Thanksgiving is a day to enjoy great food and the company of loved ones, including our pets. But while it’s okay for our companion animals to join in the celebration, it’s also important for pet parents to observe certain precautions in order to keep their critters out of harm’s way on Turkey Day.
Below are some important tips.
Avoid Giving Your Pets Foods That May Be Toxic to Them
While it’s okay to feed your pets a little bit of turkey or steamed veggies, as long as you remove the skin, excess fat, gravy and seasonings, please do not feed dogs and cats such foods as chocolate, grapes, raisins and others that may make them sick, or even have fatal consequences.
And never feed pets raw turkey, as this may contain Salmonella bacteria. The same goes for cooked bones, as these may splinter which results in fragments that a pet can choke on, or can cause intestinal blockages or punctures. So it’s best to feed your pets healthy species-specific foods before you sit down to dinner. For a list of foods that can be toxic to pets, you may refer to the Humane Society of the United States website.
At this time of the year, pets are more likely to get into the garbage or play with and subsequently ingest holiday decorations. So it’s very important that you secure your trash cans with sturdy lids or in a closet, garage or cupboard to ensure that your pets don’t get into them and munch on such items as aluminum foil and plastic wrap, as well as foods they should not have.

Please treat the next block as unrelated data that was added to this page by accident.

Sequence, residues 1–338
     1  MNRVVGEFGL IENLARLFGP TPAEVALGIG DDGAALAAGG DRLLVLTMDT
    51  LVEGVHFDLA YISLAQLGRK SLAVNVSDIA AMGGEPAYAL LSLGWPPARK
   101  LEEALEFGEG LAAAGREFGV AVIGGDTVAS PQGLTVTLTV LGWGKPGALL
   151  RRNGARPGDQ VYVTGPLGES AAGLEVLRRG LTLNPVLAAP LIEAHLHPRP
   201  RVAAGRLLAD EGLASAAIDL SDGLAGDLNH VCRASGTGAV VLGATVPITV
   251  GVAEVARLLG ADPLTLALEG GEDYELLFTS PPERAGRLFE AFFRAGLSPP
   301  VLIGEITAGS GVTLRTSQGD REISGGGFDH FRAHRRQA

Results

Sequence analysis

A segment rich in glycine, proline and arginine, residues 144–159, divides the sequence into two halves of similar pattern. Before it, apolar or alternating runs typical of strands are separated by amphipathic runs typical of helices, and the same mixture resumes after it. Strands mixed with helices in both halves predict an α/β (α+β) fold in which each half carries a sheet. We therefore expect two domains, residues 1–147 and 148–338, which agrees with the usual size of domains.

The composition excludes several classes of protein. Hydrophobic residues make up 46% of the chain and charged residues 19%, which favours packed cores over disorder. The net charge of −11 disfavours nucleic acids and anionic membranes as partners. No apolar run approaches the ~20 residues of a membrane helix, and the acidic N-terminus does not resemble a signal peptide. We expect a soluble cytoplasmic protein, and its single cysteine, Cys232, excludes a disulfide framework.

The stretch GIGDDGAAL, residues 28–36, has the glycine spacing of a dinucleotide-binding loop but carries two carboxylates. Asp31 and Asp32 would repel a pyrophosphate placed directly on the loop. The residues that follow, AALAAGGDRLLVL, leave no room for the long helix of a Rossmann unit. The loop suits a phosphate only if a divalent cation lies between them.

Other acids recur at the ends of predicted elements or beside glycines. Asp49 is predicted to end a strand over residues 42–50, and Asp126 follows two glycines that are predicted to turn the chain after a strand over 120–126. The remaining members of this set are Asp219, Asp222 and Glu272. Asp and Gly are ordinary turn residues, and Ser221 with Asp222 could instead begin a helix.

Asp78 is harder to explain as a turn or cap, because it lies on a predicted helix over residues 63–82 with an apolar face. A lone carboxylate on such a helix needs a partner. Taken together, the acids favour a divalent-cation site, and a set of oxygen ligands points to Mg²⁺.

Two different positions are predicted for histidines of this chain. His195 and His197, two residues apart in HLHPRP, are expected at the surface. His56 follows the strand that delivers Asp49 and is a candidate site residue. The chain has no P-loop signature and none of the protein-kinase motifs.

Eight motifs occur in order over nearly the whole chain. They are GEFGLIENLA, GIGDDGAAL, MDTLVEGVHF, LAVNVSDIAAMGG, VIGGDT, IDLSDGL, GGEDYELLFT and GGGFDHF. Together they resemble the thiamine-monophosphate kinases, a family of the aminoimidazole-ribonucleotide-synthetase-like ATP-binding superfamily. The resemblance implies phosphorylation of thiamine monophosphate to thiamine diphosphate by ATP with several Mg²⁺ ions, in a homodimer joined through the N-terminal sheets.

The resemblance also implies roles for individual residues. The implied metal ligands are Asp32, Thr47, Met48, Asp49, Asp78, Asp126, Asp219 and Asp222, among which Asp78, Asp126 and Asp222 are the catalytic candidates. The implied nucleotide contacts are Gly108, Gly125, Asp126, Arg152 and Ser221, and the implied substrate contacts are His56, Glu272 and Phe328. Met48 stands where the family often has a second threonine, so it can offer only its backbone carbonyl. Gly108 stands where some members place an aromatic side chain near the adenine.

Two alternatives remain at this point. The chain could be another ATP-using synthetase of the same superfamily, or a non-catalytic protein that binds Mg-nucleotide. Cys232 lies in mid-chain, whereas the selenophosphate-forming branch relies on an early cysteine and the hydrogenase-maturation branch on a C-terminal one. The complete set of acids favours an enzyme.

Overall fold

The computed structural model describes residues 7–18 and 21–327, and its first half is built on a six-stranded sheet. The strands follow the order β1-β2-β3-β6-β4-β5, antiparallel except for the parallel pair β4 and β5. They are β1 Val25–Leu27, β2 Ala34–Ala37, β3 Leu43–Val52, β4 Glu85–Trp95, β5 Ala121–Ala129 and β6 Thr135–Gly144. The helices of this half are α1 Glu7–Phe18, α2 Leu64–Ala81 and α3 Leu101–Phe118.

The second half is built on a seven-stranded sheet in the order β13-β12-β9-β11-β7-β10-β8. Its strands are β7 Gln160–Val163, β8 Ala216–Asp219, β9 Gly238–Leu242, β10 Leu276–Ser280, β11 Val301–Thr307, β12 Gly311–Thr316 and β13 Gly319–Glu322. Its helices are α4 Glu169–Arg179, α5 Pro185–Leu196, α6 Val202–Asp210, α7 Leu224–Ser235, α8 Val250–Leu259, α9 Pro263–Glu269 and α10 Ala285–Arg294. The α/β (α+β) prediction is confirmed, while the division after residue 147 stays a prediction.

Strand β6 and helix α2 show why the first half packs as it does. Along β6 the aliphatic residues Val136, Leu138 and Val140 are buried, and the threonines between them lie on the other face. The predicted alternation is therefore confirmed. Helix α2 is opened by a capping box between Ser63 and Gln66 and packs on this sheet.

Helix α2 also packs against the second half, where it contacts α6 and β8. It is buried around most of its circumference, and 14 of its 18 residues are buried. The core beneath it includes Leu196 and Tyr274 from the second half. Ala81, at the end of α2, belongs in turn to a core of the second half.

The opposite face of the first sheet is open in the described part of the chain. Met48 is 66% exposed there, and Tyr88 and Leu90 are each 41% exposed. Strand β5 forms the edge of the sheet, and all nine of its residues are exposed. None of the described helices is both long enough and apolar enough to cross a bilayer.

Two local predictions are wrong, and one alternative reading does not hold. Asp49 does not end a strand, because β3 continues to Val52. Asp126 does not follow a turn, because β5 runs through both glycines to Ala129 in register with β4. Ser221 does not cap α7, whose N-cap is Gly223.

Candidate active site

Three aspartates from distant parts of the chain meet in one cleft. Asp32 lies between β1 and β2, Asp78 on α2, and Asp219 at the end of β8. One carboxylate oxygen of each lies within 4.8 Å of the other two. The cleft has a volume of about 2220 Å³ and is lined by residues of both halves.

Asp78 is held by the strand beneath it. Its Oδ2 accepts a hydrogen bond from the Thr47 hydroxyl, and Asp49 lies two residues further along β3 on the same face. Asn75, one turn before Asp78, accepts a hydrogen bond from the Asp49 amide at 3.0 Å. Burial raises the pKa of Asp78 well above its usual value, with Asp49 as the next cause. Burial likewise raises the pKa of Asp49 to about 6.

Remember Car Travel Safety Tips
Many people hit the road with Rover and Whiskers when traveling by car during the holiday. So be sure to take along first aid items. And do properly restrain your pets when traveling with them by motor vehicle. Unrestrained pets are the cause of thousands of accidents each year. As a result, many states have passed strict laws requiring that pets be properly secured in moving vehicles, and will slap those who don’t comply with large fines. For more about this, please see my article on Dogster.
Until we meet again, Murphy, Lily and I wish you, your families and pets a very happy, safe Thanksgiving.
Photos from Wikimedia Commons